And then you hit the city limits, and all that commercial stuff pretty much stops. The Green Party – Socialist State of Ithaca is behind you — the Asian and vegan restaurants, peace signs and rainbow flags are gone, and the pro-NRA banners begin. You’re now in the Southern Tier, and it’s shotgun racks, dollar stores, and Don’t Step On Me flags all the way to the Pennsylvania line.
But there’s a sweet spot, a DMZ between the two worlds, just as you leave Ithaca, and that’s two nice state parks — Buttermilk and Treman.
Buttermilk is the first, named for the whitewater of a big falls (165′ tall), very close to the highway.
It’s impressive in the spring, or after periods of heavy rain, but I think it’s more interesting than beautiful. Instead of a vertical drop off a rock ledge, it’s a tiered cascade, pouring into a swimming area.
The curved slope of siltstone and shale is shaped a bit like a section of a domed roof, or maybe a big hoop skirt, and the creek just comes down it in a pretty uninventive way.
The water doesn’t really leap from the rock, and go for it, take the big plunge, it just slides over it. Dutifully following the law of gravity, falling without any particular style, just like the rest of us.
If you or I were on that slope, we’d be sure to slide down it too, and we wouldn’t expect anyone to think that was very clever, would we.
It’s right off the highway, with picnic tables, a swimming area at the base of the falls, and playing fields close by, so it’s a bit busy.
I mean, it’s perfectly nice and has that pleasant bustle of people picnicking, dogs barking, kids happily hitting each other with sticks and rocks, etc. but combined with the rumble of motorcycles and trucks on the highway, the noise drowns out the water sounds.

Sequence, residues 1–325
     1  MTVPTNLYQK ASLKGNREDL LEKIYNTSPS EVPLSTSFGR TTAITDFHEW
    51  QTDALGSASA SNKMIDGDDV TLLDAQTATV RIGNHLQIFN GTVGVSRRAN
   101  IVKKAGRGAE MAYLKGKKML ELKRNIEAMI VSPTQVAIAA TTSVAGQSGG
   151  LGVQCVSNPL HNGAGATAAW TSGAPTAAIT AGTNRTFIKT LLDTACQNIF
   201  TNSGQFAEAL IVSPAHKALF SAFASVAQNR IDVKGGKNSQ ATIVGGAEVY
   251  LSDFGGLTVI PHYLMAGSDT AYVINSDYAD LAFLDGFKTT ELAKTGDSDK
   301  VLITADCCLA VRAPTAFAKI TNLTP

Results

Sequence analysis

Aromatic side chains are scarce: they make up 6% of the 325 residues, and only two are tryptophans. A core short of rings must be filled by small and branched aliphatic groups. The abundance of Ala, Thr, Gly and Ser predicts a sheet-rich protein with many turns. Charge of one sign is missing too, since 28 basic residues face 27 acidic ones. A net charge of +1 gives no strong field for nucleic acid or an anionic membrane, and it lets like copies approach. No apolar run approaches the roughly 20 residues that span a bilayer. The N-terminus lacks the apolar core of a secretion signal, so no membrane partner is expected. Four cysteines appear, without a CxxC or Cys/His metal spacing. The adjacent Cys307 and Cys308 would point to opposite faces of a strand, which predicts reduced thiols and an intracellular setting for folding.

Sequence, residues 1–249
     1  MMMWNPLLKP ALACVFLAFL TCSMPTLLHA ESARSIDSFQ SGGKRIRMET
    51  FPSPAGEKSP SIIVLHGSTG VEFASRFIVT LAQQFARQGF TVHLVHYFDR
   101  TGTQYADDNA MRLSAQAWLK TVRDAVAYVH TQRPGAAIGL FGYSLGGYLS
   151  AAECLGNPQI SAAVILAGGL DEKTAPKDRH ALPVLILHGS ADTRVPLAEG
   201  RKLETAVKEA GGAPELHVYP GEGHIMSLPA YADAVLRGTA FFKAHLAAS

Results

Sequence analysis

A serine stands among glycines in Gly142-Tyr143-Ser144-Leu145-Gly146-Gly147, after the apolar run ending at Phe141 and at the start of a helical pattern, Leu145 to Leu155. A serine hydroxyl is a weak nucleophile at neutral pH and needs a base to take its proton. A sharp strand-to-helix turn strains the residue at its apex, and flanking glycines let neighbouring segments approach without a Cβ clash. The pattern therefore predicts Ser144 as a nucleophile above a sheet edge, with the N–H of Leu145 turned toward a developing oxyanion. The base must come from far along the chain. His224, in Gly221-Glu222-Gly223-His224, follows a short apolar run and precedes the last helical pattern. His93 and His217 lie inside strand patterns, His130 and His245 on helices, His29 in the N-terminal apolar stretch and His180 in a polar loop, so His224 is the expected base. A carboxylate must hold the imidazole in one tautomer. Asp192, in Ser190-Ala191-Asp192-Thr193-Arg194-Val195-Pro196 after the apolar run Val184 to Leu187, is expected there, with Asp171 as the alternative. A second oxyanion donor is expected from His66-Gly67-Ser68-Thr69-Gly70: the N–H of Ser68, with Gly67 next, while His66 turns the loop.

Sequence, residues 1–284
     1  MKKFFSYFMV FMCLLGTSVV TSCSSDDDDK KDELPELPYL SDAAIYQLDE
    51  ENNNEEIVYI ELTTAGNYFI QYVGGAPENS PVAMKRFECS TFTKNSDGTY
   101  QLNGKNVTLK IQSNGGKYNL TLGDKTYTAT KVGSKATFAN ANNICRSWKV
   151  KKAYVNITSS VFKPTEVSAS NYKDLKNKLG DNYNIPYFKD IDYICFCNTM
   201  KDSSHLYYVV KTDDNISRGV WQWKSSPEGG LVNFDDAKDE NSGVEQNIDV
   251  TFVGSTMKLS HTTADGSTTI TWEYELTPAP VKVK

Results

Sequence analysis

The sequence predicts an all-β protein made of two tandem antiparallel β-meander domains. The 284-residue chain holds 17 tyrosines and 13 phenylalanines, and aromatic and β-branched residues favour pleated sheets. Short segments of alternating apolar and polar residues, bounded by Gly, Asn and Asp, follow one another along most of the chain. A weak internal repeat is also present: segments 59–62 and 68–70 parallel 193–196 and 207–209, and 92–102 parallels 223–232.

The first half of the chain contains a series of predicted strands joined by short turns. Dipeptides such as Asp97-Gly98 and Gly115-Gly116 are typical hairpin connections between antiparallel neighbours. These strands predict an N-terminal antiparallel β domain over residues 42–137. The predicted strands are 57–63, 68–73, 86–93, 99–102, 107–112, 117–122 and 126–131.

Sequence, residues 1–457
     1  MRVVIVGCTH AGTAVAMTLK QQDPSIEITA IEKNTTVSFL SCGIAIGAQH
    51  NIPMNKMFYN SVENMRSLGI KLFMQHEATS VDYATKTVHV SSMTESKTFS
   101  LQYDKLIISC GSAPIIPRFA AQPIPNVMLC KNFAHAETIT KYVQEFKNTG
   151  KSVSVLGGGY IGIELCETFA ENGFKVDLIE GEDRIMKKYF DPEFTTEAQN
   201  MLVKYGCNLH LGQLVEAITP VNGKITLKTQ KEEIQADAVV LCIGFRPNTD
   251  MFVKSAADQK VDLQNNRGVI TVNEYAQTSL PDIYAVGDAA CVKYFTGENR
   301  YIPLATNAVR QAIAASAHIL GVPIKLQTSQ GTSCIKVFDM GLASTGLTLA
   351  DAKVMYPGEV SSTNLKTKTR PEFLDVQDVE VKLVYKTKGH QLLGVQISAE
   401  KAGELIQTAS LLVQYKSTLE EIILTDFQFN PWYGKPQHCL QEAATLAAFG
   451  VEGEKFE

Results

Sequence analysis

So, why the heck am I talking about a spot that I’m not entirely keen on? Because if you cross the creek, on a little iron bridge built in 1881, and follow the steep trail up the south side of the gorge, it’s fantastic.
There’s a whole series of smaller but wonderful falls.
The water is having a wonderful time, whizzing through high-spirited chutes, swirling in circular pools, dividing and rushing back together in playful angles, and you’re right next to it all, you can stick out a hand and feel the spray.
The trail is rough and often slippery, but totally worth it. Once you’re in the glen, ferns decorate every crack and ledge, overhead are maples, beeches, and hemlocks. The highway noise disappears, and there’s just the sound of rushing water.
Get there early in the morning, or early evening, especially on a day when rain is threatening, and you’ll probably have the place pretty much to yourself, and can just soak up the quiet musical reverberations, and watch the acrobatics of the barn swallows, swooping and streaking through tight turns just above the water.
Here’s a bit of a contrast to the beautiful spring blossoms.
A pair of sinister mug-shots.
I don’t remember running across these before, but apparently they’re quite common.
“Devil’s Urn” or Urnula craterium. (Based on extensive research for almost ninety seconds on the internet.)
One article indicates that if you blow into the cup, it may spray out a cloud of spores with an audible hiss.
In the original Star Trek, there’s an episode called “This Side of Paradise,” where some alien flowers spray spores onto the colonists from Earth, and establish a symbiotic relationship, giving them all perfect health. The spores also cause Spock to fall in love & be happy, for the first time in his life.
So, everyone is healthy & happy & in love, and no one sees much point in flitting around space in a giant tin can, bothering the natives. Luckily, Captain Kirk is there to save everyone from this horrible fate, and evacuates the planet, so everyone can get back to being normal humans, staring at computer screens all day and paying taxes.
If you remember, it was after this episode, that Sulu and Chekov started referring to a “Captain Buzzkill,” and Scotty suddenly couldn’t ever get the transporter to work right, and kept leaving Captain Jerk, sorry, Kirk, stranded on hostile planets.